At most organizations, a select few handle the decision- making process about health care plans. About 4 in 10 say that these decisions are made by individuals (45 percent), and another 4 in 10 say the task is handled by a small group of employees (38 percent). An additional 11 percent say decisions are made by a committee, and 6 percent say both individuals and a committee.
 
However, many of these businesses receive professional guidance in these decisions. Nearly two-thirds of businesses (63 percent) say they always use a broker or consultant for assistance in choosing a health care plan, while 23 percent say they use one sometimes, and 14 percent say never. Small organizations are less likely to say they always use a broker than medium or large organizations (60 percent vs 80 percent).

 

 
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When It Comes To Health Plan Quality Information, Employers Are Mostly Unfamiliar With More Objective Sources, And Tend To Rely Instead On Data Provided By Plans Directly Or By Other Sources Of Information.

A recent AP-NORC Center report showed that even though consumers agree with health policy experts in principle that public reporting requirements for doctors would improve health care quality, less than a quarter are receiving provider quality information, and most are not very confident they could find provider quality information they can trust on their own.13 This survey of employers indicates that employers, too, lack familiarity with health quality information—particularly, objective data on the quality of health insurance plans. Just 7 percent of employers that offer health insurance use objective quality information from sources tested in the survey; 89 percent do not use or are unfamiliar with any of the objective sources tested.

The survey measured the extent to which employers are familiar with HEDIS Scores, which are health insurance plan quality ratings collected by the NCQA; eValue8 data from the National Coalition on Business Health (which includes performance reports that allow business participants to assess health care plans); and CAHPS data (which is a survey of consumers and patients about their experiences with health care plans and providers).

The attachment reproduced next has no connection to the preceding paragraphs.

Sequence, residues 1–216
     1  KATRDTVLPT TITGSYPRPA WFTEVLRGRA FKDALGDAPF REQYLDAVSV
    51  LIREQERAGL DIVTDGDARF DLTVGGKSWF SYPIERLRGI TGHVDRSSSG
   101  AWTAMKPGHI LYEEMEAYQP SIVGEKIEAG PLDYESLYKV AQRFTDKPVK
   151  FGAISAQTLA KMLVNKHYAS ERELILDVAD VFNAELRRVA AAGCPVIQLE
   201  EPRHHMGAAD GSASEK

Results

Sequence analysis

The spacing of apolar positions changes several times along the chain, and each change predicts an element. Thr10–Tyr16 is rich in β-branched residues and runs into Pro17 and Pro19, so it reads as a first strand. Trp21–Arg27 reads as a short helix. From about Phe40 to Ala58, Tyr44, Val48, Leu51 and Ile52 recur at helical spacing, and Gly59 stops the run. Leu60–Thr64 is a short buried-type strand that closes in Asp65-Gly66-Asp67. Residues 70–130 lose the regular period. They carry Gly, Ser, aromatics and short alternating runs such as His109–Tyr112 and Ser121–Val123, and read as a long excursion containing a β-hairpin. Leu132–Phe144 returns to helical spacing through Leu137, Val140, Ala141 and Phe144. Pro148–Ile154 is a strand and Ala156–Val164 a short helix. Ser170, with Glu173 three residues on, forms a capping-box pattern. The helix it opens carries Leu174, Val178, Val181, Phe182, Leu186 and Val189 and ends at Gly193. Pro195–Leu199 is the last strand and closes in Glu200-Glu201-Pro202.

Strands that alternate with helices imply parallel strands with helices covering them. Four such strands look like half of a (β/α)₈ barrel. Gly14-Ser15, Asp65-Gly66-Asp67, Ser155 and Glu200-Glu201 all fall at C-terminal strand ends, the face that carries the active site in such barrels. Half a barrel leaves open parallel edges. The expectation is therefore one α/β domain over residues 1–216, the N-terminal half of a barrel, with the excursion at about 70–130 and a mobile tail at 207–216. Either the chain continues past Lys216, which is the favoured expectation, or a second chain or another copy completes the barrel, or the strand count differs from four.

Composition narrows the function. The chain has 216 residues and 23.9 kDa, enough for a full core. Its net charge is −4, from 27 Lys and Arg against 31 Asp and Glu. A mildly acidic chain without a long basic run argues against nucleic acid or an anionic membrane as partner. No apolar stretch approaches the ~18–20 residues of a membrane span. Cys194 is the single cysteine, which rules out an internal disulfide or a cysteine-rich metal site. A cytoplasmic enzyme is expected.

Despite their use by many health plans to measure health care quality, a majority of employers offering health insurance are unfamiliar with HEDIS Scores, eValue8 data, and CAHPS data. Four percent of employers say their organization uses HEDIS Scores, 29 percent say they do not, and 65 percent say they are not familiar with this source. Another 4 percent say their organization uses CAHPS data, 29 percent say they do not, and 64 percent say they are not familiar with this source. Even fewer employers say they use eValue8 data. Just 1 percent of employers say their organization uses this source, 34 percent say they do not, and 61 percent say they are not familiar with it.

Rather, 36 percent of employers offering health insurance say their organization uses quality data provided directly by the health plan, 37 percent say they do not use this source, and 25 percent are unfamiliar with such a source. Twenty- four percent say their organization uses other sources to evaluate health insurance plan quality, including brokers or consultants (15 percent), references from other businesses (2 percent), employee feedback (2 percent), and their own research (2 percent).